Warmer ocean rapidly melting Antarctic glacier
Sunday, September 15, 2013, 10:29 AM -
NASA has confirmed that warmer ocean waters have sped up the ice melt beneath one of Antarctica's more remote glaciers.
And it wasn't easy. NASA tried several times to set up a research station on the Pine Island Glacier ice shelf, but were thwarted by logistical challenges, and terrible weather.
They finally managed in December 2012, and their work has yielded the first results, and it doesn't look good for the ice shelf.
While there are differences in ice melt, some sites were seeing an ice melt as high was six centimetres per day, or 22 metres per year, mid-way down the glacier.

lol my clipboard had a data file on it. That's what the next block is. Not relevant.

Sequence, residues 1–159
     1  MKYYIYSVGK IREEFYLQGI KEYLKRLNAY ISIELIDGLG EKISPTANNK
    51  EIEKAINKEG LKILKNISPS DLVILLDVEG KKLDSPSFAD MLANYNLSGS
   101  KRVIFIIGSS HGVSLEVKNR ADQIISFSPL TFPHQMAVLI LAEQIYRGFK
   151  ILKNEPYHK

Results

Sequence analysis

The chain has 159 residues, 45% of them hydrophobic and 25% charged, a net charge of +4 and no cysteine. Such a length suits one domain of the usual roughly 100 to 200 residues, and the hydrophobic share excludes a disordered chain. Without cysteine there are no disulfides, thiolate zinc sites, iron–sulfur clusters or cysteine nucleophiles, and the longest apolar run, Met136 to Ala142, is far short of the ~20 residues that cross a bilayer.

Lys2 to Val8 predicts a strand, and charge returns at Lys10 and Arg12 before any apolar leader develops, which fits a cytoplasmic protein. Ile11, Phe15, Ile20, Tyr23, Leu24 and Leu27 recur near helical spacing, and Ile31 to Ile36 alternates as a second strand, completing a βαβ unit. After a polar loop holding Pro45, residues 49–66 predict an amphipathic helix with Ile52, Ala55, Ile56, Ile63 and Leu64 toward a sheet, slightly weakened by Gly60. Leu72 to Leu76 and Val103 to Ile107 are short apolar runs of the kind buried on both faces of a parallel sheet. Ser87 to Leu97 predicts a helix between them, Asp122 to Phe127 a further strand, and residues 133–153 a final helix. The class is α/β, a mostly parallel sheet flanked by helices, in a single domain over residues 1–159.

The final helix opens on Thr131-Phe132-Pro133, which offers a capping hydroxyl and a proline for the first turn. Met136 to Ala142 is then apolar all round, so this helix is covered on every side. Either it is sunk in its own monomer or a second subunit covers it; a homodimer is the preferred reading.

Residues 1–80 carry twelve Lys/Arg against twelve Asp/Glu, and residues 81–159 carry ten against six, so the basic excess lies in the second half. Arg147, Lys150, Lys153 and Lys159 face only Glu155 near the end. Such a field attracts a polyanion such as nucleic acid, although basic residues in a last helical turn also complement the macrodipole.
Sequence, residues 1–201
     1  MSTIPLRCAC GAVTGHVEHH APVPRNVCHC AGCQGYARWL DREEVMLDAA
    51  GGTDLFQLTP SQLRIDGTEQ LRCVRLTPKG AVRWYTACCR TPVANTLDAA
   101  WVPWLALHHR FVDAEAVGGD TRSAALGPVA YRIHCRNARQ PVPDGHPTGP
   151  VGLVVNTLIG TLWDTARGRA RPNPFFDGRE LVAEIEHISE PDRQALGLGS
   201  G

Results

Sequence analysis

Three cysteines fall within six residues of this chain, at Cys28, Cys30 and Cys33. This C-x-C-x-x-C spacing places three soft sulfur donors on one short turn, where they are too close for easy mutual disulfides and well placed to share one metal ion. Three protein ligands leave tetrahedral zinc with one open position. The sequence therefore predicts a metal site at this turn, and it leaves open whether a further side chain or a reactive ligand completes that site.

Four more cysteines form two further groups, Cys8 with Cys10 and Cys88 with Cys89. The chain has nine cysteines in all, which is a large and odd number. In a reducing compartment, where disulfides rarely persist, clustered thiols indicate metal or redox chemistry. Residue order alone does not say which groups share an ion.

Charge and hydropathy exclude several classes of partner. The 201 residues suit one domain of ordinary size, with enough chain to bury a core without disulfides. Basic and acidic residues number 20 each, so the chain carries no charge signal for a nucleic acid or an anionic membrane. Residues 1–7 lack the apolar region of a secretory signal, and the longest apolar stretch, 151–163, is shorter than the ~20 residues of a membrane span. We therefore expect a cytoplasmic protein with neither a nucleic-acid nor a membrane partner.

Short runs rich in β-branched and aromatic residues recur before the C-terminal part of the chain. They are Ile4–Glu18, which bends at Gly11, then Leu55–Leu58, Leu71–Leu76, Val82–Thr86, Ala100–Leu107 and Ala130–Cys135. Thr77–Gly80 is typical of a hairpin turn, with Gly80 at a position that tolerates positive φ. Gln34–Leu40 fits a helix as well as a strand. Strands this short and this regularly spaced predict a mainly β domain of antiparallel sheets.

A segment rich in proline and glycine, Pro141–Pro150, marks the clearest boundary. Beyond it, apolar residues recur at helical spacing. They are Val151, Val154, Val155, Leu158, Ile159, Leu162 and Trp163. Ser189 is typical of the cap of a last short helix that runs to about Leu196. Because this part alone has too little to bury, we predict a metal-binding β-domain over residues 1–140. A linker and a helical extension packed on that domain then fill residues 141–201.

"This is the first observation of the actual melt rate underneath the ice shelf," said Timothy Stanton, an oceanographer at the Naval Postgraduate School in Monterey, California, who is the lead author of the paper based on the results, that was published in Nature last week.
The researchers reached the underside of the ice by using a hot-water to drill down 450 metres, then lowered several instruments down to below the glacier.